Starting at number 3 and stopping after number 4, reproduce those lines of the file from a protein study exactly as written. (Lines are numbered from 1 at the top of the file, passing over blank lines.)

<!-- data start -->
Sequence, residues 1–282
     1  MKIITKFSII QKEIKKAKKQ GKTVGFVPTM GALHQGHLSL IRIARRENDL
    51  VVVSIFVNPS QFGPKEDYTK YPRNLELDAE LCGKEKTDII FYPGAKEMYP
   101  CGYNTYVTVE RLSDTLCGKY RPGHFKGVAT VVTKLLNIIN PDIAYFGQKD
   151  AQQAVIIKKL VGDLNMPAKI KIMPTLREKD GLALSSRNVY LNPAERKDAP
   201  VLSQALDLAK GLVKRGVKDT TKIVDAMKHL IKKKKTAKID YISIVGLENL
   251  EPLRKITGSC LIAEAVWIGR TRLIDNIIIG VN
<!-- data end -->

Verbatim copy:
    51  VVVSIFVNPS QFGPKEDYTK YPRNLELDAE LCGKEKTDII FYPGAKEMYP
   101  CGYNTYVTVE RLSDTLCGKY RPGHFKGVAT VVTKLLNIIN PDIAYFGQKD